NC Pork: Well Raised, Well Traveled
The vast majority of pork products produced in North Carolina stay right here in the United States.
But there is a growing demand for American pork around the world. That is a testament to the quality and safety of the food we produce. It also reflects an increasing appetite for pork, which is the world’s most popular meat.
Pork is the world’s most popular meat. The U.S. exports nearly $6 billion worth of pork each year.
North Carolina accounts for about 10% of America’s pork exports. Each year, we export about $600 million worth of pork, including slabs of bacon, pork tenderloins, ham, and more exotic pork products not commonly found on our menus here at home.
Much of our pork goes to our neighbors in Mexico and Canada. Other popular trading partners for North Carolina pork include Japan, Korea and Hong Kong. Asia is a growing market that now imports more than twice as much American pork as the rest of the world combined.
More than 25 percent of all North Carolina pork is exported. Exports allow our farm families to provide safe, nutritious protein to families across the state and around the world. Exports keep agriculture and our rural economy here at home strong and healthy.
Well Raised. Well Traveled. The Series.
The “Well Raised, Well Traveled” videos featured on this page highlight North Carolina’s pork industry and local farmers who care for our animals. The videos also provide a look at how other cultures value North Carolina pork. You can see how restaurants on the other side of the globe are using our pork to create dishes that delight diners. These videos were produced in partnership with the N.C. Department of Agriculture and Consumer Services’ International Marketing Section.
North Carolina is the nation’s second leading producer of hogs. The state has more than 2,100 farms that raise about nine million hogs each year in a safe and responsible manner. Our farmers take tremendous pride in producing high quality pork products, regardless of whether they are going five minutes down the road or halfway around the world. An estimated 25 percent of the pork produced in North Carolina is exported.
Japan is one of the world’s top pork producing countries, and it imports more than $1.5 billion of U.S. pork every year. Pork is by far the most popular meat in Japan — families consume about 2.6 million tons of pork each year — and it remains one of the United States’ most important trade markets.
Hong Kong / China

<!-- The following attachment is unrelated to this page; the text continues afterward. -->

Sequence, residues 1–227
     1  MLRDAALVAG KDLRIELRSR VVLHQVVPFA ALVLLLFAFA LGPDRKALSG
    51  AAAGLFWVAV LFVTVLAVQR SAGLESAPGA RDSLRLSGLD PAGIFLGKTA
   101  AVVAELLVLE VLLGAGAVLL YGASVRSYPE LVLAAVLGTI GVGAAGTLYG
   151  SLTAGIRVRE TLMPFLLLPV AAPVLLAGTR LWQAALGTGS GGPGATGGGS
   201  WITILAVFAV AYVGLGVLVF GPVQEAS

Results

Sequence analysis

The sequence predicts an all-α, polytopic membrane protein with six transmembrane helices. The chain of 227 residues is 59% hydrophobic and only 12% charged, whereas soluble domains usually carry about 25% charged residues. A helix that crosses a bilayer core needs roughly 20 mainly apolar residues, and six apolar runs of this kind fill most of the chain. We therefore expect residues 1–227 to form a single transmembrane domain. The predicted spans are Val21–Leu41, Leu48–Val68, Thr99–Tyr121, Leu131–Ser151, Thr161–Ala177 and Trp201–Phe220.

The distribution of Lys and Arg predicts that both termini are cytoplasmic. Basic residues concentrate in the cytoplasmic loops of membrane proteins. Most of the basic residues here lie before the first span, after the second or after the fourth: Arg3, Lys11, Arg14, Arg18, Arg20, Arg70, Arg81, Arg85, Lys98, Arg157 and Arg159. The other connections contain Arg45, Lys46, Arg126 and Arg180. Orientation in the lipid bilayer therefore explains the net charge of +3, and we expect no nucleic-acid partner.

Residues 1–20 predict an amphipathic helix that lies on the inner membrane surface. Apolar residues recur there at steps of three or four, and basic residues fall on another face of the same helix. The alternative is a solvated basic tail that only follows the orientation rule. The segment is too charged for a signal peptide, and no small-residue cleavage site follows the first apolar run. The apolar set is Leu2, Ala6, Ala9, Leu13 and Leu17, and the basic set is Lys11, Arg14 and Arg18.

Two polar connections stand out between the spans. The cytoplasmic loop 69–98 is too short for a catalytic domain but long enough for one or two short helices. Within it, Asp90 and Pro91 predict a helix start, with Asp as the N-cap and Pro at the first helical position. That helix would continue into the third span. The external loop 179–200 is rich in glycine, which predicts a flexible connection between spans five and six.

Hong Kong and China combine to account for nearly half of the world’s pork consumption. While China is the largest pork producer in the world — it raises more than 450 million hogs each year— the country imports about three million tons of pork annually. It imported more than $1 billion of U.S. pork in 2016, which ranks as the third most valuable market for U.S. exports.
South Korea is one of the world’s largest pork importers and is an emerging market for U.S. pork. The United States supplies about one-third of South Korea’s pork imports. The country imported $365 million worth of U.S. pork in 2016; imports are on the rise in 2017.
The Importance of Trade
The N.C. Pork Council strongly supports free trade agreements that will expand the market for U.S. pork exports by eliminating tariffs and other trade barriers. Exports add significantly to the value of each hog, boost the bottom line of American pork producers, and support nearly 10,000 local jobs.
North Carolina’s pork exports have increased ten-fold in the past 20 years.
The United States is the world’s largest exporter of pork, providing $6 billion of pork products to more than 100 countries. A lack of trade agreements with other countries, especially in Asia, has led to increased competition from other leading pork exporters in recent years.
The importance of exports isn’t unique to North Carolina’s pork industry. North Carolina farmers are also among the nation’s leading exporters of tobacco, soybeans, poultry and cotton. Learn more about North Carolina’s agricultural exports.
Exports raise the value of each hog sold and boost the bottom line of pork producers.